Non-traditional graffiti interlude: Lego street art.


The EPA has announced power plant emissions rules, reports Darryl Fears: The Environmental Protection Agency released a plan Wednesday that would reduce emissions of mercury and other toxins from coal-burning power plants, drawing praise from health officials and condemnation from some industry representatives and lawmakers. EPA Administrator Lisa P. Jackson said the ‘first ever’ national standard for harmful power plant emissions ‘was 20 years in the making’ and was required by the 1990 Clean Air Act. The plan would force plants to purchase scrubbers and other equipment to prevent 91 percent of mercury from coal from being released into the air...According to a report by the Congressional Research Service, coal-fired power plants are among the nation’s greatest sources of stationary pollution.”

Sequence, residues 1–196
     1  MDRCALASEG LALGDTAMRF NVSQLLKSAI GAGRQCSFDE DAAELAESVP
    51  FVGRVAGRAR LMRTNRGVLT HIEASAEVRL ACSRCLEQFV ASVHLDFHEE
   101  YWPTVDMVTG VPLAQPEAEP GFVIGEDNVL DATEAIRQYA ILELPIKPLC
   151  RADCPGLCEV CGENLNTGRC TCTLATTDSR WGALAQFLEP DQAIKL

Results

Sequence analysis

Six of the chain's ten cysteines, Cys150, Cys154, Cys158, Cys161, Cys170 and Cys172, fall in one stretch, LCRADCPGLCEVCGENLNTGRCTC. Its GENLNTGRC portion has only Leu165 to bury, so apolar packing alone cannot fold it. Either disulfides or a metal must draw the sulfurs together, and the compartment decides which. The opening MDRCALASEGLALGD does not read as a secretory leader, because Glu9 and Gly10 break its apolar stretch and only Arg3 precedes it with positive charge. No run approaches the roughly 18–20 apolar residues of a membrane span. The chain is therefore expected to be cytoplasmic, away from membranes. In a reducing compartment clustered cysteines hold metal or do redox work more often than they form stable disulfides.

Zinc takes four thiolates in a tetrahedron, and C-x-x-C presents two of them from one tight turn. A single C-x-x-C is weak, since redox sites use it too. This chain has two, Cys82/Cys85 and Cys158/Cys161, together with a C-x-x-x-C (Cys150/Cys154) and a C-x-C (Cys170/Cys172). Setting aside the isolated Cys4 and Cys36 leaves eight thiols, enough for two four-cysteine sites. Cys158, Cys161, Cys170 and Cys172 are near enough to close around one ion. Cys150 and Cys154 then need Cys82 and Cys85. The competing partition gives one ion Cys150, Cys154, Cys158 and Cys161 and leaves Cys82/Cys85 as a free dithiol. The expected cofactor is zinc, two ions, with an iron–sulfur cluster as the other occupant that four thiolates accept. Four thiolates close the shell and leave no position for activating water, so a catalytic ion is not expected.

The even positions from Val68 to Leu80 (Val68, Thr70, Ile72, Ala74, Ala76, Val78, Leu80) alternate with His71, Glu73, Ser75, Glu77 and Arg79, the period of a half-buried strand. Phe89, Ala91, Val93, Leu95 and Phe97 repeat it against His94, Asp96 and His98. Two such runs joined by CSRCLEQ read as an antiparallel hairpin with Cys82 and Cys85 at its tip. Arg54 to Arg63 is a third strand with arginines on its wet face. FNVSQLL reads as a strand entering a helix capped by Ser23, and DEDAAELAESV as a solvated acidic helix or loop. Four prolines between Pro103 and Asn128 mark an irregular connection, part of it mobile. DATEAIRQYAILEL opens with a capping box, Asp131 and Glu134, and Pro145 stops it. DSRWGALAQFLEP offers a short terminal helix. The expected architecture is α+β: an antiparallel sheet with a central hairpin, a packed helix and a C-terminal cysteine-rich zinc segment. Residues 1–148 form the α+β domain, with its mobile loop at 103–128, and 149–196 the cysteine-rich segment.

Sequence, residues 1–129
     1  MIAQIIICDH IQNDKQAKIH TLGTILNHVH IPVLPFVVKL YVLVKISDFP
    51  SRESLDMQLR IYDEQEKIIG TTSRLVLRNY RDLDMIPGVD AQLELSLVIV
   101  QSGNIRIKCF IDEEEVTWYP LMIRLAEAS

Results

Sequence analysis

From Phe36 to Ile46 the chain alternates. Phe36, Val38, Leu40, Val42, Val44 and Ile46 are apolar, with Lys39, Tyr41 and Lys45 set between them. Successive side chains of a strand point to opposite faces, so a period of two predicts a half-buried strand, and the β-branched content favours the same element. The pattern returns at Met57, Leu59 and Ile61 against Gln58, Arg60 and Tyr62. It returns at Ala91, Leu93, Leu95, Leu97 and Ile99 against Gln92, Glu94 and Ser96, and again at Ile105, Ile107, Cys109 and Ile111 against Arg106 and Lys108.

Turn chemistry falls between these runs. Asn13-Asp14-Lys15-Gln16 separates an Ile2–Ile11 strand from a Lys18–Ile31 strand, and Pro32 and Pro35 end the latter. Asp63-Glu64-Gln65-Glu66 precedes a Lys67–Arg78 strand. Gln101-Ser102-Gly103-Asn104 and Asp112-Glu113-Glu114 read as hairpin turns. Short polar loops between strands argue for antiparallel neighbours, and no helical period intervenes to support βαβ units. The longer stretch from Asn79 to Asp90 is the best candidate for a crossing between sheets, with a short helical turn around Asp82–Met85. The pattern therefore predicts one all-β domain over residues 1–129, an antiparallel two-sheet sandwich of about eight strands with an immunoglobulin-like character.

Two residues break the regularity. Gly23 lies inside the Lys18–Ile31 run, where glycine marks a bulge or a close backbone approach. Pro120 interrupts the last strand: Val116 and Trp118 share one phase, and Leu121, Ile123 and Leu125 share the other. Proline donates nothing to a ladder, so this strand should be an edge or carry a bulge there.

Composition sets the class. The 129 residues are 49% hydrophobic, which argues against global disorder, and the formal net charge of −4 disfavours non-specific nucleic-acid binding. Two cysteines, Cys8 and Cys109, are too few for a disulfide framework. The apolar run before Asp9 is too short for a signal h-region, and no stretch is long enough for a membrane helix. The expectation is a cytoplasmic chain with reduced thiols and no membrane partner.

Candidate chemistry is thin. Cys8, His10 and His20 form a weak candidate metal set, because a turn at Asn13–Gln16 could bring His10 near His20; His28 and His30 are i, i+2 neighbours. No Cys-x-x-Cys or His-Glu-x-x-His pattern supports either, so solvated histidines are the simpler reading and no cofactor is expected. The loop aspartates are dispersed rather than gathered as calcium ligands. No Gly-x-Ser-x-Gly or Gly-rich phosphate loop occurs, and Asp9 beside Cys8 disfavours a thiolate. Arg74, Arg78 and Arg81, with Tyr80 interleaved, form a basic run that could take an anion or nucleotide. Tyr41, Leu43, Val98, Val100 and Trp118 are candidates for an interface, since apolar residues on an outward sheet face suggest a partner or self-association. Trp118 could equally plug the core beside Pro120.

Senate Democrats want a full review of nuclear policy: http://bit.ly/gcGpZb

The US is taking a more cautious approach on nuclear post-Japan than other countries, report Peter Wallsten and Dan Eggen: “In sharp contrast to governments across the world that are moving to warn their citizens in Japan about radiation hazards and to reassess their own nuclear power programs, the Obama administration is pursuing a cautious course -- standing firmly behind the U.S. nuclear industry. As France and Germany advised their citizens to leave the Tokyo metropolitan area, the United States urged Americans to move beyond a 50-mile radius of the damaged Fukushima Daiichi plant...And as governments from Berlin to Beijing this week were closing older nuclear plants for inspection or halting new permits, Obama administration officials reiterated support Wednesday for keeping nuclear power as a key part of U.S. policy and said there were no plans to shut down plants.”

Closing credits: Wonkbook is compiled and produced with help from Dylan Matthews and Michelle Williams.